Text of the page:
- The Washington Times - Wednesday, August 7, 2002

AUSTIN, Texas As John Johnson, he operated half a dozen hot dog carts and ran unsuccessfully for mayor of Austin three times in the 1990s.
As John Tully, he was part of New Jersey's Campisi crime family until the mid-1970s. Then he agreed to testify against his former mob associates and joined the federal witness-protection program.
Now he says the feds have given him a raw deal.
Now 64, living on a small Caribbean island and suffering from heart disease, he claims the government has reneged on its promises. He has no health insurance and has been trying to obtain Social Security for more than a year without success.
"I guess they think I will die before they have to deal with my case," he said last week. "It could happen, but I am going to fight to the end."
The Justice Department's Witness Security Program known as WITSEC was a major ingredient in the government's successful purge of the nation's leading organized crime families, offering protection for those who provided information that helped jail mob leaders.
WITSEC gave witnesses new identities, moved them to new locales and provided stipends until they could re-establish their lives.
Because of potential danger to participants, the inner workings of the WITSEC program have remained highly secretive and that seems to be part of Mr. Tully's problem.
The Justice Department not only refuses to acknowledge Mr. Tully's claims, it refuses to discuss the matter at all. "I haven't been able to find anyone who knows anything about this case," said one Justice spokesman.
There is no doubt that Mr. Tully was a protected witness. He has hundreds of documents outlining his years in the program. Mr. Tully has bombarded Washington with pleas for help.
A Texas lawyer familiar with Mr. Tully's case said: "They messed this guy around almost from the word go. Now they think it will go away. To them he's just another hood, another snitch. And they can hide behind the program's secrecy to get by with it until he dies."
Mr. Tully played a key role in the breakup of the Campisi crime family. Mr. Tully had been a "wheel man," the driver, in a series of mob hits for the Campisis. His record also included charges of assault and battery, insurance fraud, armed robbery, drug dealing and murder.
"I only killed one person," he said in an interview, "and that was a guy who raped my best friend's wife. On the others I was the wheel man. But I knew how the whole thing worked. When the Campisis found out I was going to testify, they knew what that meant."
Six members of the Newark family ended up in prison, but Mr. Tully never had to testify because within days of the government announcing Mr. Tully would be a prime witness, the entire family plea-bargained.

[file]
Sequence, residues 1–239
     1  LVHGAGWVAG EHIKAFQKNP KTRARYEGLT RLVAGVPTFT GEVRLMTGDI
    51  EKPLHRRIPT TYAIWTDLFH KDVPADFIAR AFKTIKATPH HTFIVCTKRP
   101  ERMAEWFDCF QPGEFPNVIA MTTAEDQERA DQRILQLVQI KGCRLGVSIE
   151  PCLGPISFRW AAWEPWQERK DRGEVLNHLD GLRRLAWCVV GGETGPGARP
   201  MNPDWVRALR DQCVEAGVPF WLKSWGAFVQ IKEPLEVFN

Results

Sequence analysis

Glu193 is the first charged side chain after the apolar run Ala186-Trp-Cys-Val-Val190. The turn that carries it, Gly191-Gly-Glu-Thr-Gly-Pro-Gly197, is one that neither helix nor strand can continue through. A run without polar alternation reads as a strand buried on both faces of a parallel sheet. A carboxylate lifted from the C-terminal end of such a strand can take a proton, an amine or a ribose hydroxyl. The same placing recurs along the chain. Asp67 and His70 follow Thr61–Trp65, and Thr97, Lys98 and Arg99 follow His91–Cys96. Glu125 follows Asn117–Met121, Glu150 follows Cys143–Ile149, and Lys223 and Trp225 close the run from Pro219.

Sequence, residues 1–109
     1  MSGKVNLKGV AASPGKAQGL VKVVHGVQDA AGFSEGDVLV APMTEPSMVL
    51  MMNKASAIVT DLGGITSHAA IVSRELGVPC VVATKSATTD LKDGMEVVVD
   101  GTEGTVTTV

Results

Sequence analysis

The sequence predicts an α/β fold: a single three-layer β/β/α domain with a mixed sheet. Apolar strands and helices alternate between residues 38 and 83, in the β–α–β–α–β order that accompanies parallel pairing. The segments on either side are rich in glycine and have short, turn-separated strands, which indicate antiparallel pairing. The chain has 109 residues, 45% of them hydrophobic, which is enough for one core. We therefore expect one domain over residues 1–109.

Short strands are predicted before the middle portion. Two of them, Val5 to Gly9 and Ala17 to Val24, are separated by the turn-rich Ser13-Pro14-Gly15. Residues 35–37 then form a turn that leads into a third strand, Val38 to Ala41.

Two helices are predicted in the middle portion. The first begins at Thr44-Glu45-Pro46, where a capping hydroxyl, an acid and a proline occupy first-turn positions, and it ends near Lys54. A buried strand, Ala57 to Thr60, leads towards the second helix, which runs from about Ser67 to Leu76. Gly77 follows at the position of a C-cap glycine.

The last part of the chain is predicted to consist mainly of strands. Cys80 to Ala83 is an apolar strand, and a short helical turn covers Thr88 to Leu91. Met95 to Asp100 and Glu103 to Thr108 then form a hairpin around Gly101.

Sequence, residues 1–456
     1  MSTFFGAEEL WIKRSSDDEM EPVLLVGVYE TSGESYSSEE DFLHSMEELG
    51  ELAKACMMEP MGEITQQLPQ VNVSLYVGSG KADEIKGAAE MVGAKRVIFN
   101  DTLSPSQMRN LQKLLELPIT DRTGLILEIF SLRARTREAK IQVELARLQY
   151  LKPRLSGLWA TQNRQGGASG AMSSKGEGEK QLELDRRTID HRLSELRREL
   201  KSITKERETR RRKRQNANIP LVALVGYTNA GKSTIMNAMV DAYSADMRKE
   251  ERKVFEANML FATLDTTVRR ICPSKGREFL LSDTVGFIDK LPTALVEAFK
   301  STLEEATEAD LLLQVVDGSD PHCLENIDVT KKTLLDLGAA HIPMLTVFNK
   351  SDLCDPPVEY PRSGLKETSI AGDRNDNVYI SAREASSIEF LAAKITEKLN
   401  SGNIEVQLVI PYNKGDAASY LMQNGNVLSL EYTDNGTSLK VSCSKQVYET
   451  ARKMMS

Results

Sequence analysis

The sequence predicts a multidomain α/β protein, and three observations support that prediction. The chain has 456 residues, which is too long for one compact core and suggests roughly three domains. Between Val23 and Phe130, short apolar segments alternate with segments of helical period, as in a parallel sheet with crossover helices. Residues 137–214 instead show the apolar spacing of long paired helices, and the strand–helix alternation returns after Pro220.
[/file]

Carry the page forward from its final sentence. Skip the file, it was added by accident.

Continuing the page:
Mr. Tully under the alias John Parker spent six years in prison. He had been assured he would serve less time than any of the Campisis, but by the time he was released in 1980, every one of the Newark mobsters had already been released, some of them with less than three years served.
So Mr. Tully and his wife, Hilda, were inducted into WITSEC, given new identities, insurance, new driver's licenses and Social Security numbers and a small amount of cash. They were sent to Austin.
With a $10,000 loan from a family member, "John Johnson" started his own business in the Texas capital, selling hot dogs in the city's Sixth Street tourist district.
But after a drunken-driving arrest, he was fingerprinted and though WITSEC officials had assured him his prior record would be expunged as part of the program his true identity and background data were sent back to Austin police.
He began to be harassed, first by beat cops, later by Sixth Street restaurant owners who resented competition from the sidewalk hot-dog vendor.
That's when Mr. Tully decided to run for mayor. He went public, passed out copies of his "rap sheet" and swore he was a changed man. "I figured as long as I was in the limelight, I was safe," he said.
But then one day, a convict he had served time with in two different prisons ambled by his stand and recognized him. The man returned several times, often just eyeing him from nearby.
Mr. Tully asked WITSEC to move him elsewhere and the agency relocated him to Florida.
He bought a restaurant near Miami that quickly failed. His health further deteriorated. A second heart attack and other problems made it impossible for him to find work, he said.
So he and his wife of 38 years moved to a Caribbean island where, with the help of family and friends, they are eking out a living.
Mr. Tully says he wants no money from the government, just the medical care he was promised and help in qualifying for Social Security.
Mr. Tully doesn't worry about the mob anymore.
"Oh no, that's an old moth-eaten grudge," he laughed. "I just worry about where the money to pay next month's rent will come from."

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